Indian men chase fairness creams

Ians May 25, 2010

NEW DEHLI: Tall and dark? Then you are not likely to be deemed handsome, going by current trends, even though India has always worshipped dark gods. The metrosexual look is getting preference - and that means men are chasing fairness creams and chemical peels, thanks to media and advertising playing a role in promoting them.

Commenting on the Indian man's growing fascination for fair skin, Apollo Hospital senior cosmetic surgeon Anup Dhir told IANS: "I get around 8-19 inquiries every month from men to improve their skin tone and help them look fairer.

"There are times when a man accompanying a woman client ends up taking skin-related treatments after consultation."

Dark gods like Krishna and Rama are deeply embedded in the Indian psyche. But the country has always shown a bias in favour of light skin as far as mere mortals go.

Ever since the macho look was replaced by the metrosexual look, men have started taking a greater interest in their appearance. From visiting parlours for manicures and pedicures to spas, they are concentrating on every aspect of grooming. And that means falling for fairness products.

"Buying fairness creams or getting regular massages, facials, manicures and pedicures done is just an indicator that today men, like women, want to pamper themselves," psychiatrist Sanjay Chugh told IANS.

Various cosmetic brands have launched fairness creams for men and with Bollywood celebrities like Shahid Kapoor and John Abraham endorsing them, they have become a craze.

In 2005, Emami was perhaps the first one to launch the men's fairness cream Fair & Handsome. Two years later, the company roped in superstar Shah Rukh Khan as its brand ambassador.

This was followed by HUL's Fair & Lovely Menz Active that came in 2006 and the very next came Nivea for Men Whitening Moisturiser and Nivea for Men Multi-White Whitening Facial Foam. The same year actor Anuj Saxena's company Elder HealthCare came out with Fair One Man Cream.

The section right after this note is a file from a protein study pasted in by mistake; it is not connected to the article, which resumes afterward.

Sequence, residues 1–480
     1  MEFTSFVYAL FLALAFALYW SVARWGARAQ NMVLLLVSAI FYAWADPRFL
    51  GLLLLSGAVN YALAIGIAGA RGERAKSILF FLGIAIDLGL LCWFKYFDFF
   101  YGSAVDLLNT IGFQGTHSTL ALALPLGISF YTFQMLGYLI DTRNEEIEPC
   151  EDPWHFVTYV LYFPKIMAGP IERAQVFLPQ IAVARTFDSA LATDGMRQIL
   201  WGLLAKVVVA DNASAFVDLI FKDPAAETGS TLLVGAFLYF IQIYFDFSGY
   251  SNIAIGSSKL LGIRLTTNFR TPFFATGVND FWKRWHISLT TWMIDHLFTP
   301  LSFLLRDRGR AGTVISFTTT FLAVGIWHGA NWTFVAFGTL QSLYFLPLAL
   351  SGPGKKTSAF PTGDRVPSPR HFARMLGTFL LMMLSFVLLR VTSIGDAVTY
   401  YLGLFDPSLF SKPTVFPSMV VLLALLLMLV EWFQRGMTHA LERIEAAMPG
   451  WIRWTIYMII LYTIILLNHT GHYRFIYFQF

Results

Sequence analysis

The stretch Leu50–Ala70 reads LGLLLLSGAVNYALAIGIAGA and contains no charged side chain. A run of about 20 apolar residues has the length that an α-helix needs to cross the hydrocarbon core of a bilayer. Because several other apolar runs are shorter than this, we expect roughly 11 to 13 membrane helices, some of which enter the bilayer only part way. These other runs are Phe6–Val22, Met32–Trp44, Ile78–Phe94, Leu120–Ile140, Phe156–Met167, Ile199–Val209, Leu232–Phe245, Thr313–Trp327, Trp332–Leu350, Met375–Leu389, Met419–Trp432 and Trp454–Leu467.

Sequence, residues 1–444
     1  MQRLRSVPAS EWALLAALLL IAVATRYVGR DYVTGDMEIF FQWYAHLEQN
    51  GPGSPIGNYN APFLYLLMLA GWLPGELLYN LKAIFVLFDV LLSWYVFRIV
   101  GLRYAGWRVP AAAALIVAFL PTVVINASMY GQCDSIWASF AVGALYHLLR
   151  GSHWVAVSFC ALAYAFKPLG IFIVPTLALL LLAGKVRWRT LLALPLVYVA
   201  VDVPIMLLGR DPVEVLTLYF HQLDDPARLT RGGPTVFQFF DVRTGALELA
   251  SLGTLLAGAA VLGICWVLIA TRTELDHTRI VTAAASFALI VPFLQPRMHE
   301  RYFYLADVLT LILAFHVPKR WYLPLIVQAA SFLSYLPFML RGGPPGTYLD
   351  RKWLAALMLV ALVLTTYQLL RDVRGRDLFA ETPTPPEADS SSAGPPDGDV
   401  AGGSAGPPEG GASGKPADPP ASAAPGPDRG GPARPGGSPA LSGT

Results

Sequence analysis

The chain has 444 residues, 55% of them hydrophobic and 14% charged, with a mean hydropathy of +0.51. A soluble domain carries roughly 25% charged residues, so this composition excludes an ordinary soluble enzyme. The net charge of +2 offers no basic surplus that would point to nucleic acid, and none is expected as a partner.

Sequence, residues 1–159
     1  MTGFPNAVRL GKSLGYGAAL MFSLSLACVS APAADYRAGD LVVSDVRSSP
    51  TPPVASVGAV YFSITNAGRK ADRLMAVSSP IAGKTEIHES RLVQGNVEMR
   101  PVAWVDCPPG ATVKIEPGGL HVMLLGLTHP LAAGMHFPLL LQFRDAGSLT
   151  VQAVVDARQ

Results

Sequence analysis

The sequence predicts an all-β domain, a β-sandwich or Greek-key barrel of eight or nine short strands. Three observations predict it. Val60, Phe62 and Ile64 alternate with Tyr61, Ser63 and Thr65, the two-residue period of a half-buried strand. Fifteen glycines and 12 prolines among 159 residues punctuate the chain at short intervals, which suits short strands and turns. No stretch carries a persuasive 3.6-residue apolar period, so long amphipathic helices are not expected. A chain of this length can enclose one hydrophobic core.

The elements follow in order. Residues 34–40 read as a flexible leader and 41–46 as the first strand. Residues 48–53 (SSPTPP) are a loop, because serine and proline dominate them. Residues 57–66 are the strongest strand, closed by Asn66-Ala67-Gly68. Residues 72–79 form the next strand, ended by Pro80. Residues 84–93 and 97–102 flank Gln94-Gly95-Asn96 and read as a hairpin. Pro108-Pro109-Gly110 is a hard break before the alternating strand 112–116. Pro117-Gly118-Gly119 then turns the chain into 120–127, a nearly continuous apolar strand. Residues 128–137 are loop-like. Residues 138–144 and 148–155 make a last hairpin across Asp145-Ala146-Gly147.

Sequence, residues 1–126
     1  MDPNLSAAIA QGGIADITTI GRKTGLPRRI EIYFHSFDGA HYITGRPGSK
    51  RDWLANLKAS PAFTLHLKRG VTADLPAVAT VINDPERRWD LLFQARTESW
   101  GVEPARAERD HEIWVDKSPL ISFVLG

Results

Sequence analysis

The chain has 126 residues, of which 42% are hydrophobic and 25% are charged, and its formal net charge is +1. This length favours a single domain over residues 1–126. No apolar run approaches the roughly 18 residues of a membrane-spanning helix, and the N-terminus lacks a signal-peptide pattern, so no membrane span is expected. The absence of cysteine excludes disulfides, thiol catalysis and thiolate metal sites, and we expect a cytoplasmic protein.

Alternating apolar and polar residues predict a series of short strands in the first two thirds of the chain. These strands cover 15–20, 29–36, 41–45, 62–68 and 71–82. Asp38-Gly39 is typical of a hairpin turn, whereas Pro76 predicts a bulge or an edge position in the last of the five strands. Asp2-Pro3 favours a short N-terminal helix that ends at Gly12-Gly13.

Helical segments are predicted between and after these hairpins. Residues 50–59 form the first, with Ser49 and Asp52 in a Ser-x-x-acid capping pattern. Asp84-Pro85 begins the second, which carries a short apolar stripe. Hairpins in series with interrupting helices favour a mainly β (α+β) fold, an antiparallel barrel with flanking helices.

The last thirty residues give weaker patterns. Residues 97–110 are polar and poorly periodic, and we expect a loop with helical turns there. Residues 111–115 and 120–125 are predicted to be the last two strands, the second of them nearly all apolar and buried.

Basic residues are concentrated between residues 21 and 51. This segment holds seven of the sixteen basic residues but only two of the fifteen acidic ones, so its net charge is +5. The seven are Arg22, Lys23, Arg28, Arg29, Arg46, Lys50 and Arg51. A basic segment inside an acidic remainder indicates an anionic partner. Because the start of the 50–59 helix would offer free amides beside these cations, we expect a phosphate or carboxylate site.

In 2009 cosmetics brand Garnier India entered men's skin care with the Men's Powerlight range that also includes face wash and moisturiser. According to its marketing manager Richa Singh, the grooming habits of Indian men have evolved.

"As per research, the need to look and feel good is extremely high. Skin care is an integral part of grooming and fairness has been identified as a principal demand in the male grooming market. We identified the consumer need and offered a specialised skin care range for men."

According to a report, the men's fairness products market is estimated at Rs175 crore (nearly $40 million) and is growing at the rate of 25 percent. While the women's fairness market is growing at 7 to 8 percent.

Chugh feels the media has played a major role in pushing men in this direction. He couldn't be more right, as ads promoting fairness creams seek to portray that dark skinned guys lack confidence and are not as successful as the fair-skinned.

So is it really possible to lighten skin tones with fairness products? "Yes, you can. While skin colour is largely genetic, it is also greatly affected by sun exposure, hormonal changes and various other factors," Mumbai-based anti-aging medicine specialist S Ali Mohammad told IANS.

"These lotions and creams contain hydroquinone, a chemical which inhibits melanin and lightens the skin. Since melanin is what causes darker skin, you will notice your skin is lighter with regular use."

Experts suggest that one can also opt for chemical peels to get better and faster results.

"It is possible to lighten your skin to your original colour. That is usually judged by the colour of your chest mid part area," said Mumbai-based dermatologist Priyanka Sutariya.

"These peels help to remove several layers of skin, depending on the strength of your peel, revealing skin below that is lighter, fresher and brighter."

The prices of these peels start from Rs2,000 (over $40) and a person has to take six to eight sessions to achieve desired results.